The Covid-19 pandemic has altered the speed and scope of digital transformation, and the tech sector has been rewarded with significant growth and influence. As we tentatively move into a new phase, can the innovative and agile nature of digital technology underpin the wider recovery and a new more inclusive approach?
The virus has led to an increased demand for agile, cloud-based technology solutions as more people work, are entertained, and shop from home. Even the most prepared organisations have had to adapt to new working practices, streamlined teams, unpredictable demand and the increased impact on physical and mental well-being within a new socially distanced norm. Underpinning this is an increased pressure on the tech sector to improve our Covid19 world by delivering more technology led insight and capability through digital transformation and change.
Given the gravity and scale of the Covid-19 pandemic, we expected to see client’s significant IT projects slowing down and being put on hold. Some have, but a surprising number of companies have accelerated their digital transformation agenda and taken this opportunity to capitalise on the unprecedented and universal need for increased digital capability. This is not uncommon, as Satya Nadella CEO of Microsoft confirmed, “We’ve seen two years’ worth of digital transformation in two months.”
Prior to Covid-19, the champions of digital transformation tried to encourage us to change our habits and embrace a new norm, but as a society we valued the status quo. However, the speed and scale of the pandemic has resulted in unprecedented commercial, social and environmental change. Barclays, CEO Jes Staley stated, “there will be a long-term adjustment in how we think about our location strategy ... the notion of putting 7,000 people in a building may be a thing of the past.” This shift in attitude to more remote working and less commuting may in fact be the catalyst for a digital transformation, enabled and maintained by increasingly sophisticated technology.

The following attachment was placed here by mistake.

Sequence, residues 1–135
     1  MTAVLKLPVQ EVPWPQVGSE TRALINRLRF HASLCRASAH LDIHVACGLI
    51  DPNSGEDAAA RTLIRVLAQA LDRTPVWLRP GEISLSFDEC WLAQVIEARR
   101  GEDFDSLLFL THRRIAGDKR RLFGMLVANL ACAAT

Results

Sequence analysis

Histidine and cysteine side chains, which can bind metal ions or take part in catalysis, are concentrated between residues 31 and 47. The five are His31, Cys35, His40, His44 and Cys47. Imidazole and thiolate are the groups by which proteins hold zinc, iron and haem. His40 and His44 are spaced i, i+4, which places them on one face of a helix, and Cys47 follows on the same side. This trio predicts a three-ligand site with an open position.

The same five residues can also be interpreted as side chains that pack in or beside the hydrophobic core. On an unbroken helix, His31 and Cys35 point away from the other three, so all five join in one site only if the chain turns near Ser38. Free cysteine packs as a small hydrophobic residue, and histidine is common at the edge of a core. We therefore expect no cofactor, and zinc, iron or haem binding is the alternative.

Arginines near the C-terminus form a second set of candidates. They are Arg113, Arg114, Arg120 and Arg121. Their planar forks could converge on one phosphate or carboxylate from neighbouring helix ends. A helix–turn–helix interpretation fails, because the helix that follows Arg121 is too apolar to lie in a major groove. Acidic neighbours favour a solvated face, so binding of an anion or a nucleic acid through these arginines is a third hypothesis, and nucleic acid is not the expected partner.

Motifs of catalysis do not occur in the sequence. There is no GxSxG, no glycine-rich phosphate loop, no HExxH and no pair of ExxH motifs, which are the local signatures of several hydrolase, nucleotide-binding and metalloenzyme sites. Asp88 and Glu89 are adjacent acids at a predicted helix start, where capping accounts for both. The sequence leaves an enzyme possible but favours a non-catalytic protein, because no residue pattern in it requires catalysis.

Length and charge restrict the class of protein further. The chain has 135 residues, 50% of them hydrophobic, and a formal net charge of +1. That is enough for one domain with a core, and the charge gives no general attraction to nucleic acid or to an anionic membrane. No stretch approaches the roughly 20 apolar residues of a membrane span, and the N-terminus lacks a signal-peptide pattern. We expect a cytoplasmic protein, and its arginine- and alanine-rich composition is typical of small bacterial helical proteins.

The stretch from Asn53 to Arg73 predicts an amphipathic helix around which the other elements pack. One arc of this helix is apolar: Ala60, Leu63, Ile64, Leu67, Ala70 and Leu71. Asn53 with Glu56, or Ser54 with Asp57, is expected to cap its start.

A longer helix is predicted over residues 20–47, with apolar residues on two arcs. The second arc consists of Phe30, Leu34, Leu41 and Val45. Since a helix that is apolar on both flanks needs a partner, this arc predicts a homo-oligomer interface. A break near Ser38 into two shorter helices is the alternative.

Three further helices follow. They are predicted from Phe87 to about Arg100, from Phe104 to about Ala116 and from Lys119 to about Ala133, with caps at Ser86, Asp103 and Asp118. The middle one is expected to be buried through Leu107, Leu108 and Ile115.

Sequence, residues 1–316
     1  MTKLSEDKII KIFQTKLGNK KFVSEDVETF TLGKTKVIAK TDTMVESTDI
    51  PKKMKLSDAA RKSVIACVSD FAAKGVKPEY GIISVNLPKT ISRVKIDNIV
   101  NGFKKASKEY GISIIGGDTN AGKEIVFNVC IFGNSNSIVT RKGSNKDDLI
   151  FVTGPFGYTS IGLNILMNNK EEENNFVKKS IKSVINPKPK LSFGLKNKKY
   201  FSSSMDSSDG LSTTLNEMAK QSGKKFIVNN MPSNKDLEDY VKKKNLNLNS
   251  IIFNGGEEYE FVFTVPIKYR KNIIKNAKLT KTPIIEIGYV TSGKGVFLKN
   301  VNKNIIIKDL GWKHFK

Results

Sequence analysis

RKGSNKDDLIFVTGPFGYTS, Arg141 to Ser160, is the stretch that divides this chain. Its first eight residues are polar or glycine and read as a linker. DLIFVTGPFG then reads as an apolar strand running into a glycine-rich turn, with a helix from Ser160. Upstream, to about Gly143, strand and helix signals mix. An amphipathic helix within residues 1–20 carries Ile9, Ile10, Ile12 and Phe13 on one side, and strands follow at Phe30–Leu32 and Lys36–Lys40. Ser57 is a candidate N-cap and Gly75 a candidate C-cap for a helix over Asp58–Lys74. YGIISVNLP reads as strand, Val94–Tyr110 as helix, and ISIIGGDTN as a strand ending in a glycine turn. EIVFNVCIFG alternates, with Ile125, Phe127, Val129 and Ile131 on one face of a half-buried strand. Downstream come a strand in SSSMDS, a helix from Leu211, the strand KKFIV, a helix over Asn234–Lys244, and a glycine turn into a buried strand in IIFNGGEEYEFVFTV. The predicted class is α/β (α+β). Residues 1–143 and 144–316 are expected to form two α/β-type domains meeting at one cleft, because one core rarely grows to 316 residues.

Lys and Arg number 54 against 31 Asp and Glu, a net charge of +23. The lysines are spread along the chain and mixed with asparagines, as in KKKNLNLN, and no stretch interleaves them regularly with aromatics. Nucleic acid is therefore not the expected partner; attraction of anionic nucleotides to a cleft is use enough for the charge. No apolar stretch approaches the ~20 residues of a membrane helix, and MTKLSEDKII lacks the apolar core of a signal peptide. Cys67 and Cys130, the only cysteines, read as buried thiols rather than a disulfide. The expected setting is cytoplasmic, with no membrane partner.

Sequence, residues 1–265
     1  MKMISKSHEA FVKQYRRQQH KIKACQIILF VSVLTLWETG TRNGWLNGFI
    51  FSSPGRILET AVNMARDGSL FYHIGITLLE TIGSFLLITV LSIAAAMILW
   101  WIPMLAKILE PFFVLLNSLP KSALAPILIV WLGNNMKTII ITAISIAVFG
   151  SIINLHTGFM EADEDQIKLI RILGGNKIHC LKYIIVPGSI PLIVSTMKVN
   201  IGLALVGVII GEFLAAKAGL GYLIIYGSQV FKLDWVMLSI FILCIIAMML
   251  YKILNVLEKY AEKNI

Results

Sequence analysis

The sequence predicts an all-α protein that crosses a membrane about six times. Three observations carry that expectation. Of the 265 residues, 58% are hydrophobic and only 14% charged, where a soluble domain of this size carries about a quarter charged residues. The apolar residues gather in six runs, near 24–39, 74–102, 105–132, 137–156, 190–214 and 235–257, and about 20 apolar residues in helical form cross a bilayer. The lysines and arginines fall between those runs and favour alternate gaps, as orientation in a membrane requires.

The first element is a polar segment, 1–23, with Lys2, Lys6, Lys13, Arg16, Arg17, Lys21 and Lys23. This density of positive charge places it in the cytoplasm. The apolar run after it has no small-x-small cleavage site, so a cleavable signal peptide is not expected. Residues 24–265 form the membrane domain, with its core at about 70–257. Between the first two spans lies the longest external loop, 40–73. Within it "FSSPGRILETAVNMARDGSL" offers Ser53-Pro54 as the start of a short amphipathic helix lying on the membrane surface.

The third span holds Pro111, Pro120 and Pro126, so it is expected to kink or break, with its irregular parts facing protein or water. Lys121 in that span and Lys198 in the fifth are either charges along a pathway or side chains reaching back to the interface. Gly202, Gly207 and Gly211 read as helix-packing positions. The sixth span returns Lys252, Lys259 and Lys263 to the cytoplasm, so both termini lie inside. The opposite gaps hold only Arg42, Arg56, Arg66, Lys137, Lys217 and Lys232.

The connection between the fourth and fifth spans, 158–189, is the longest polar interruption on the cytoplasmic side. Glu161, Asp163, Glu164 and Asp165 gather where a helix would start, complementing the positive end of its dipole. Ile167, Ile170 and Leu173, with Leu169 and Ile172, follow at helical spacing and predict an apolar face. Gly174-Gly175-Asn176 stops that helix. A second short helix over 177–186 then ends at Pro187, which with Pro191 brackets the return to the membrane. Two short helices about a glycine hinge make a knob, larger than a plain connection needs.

However, the undercurrent of anxiety around separation, job security and the implications when the government bailouts ease, is still very real. McKinsey’s identified the disparity of sectors impacted by furloughs and jobs at risk. This highlighted that Information and Communication have only seen 13% of the workforce furloughed compared with Accommodation and Food Services at 73%. While we are yet to understand how quickly each of these sectors will recover the data suggests the tech sector is prised to bounce back faster than almost every other industry out there.
The London School of Economics highlighted the need to avoid the post 2008 austerity and to grow out of this financial crisis. “Recovery must be driven by an expansion of demand but has to be part of a story of sustained investment, innovation and growth…beyond the stabilisation phase, we must act to create a strong recovery that can support job creation and hence consumption, and re-design, not just restart, investment.” The scale of investment is so significant that if leaders chose responsibly there could be a positive impact on climate change and improved environmental legacy too.
The virus has elevated the value and necessity of agile, technology led solutions in all aspects and sectors of the economy. There is a very real opportunity for the innovative approach and inclusive capability of technology to lead the recovery. Five of the big-tech stocks now constitute more than a fifth of the value of the S&P 500 index — a modern-day record in terms of concentration. Big Tech is hunting for expansion too at the fastest pace since 2015. So, the challenge is on for the tech world to drive the recovery while other sectors find their feet, but this will be a colossal ask as the demand for specialist tech talent has never been greater or at such a high premium.
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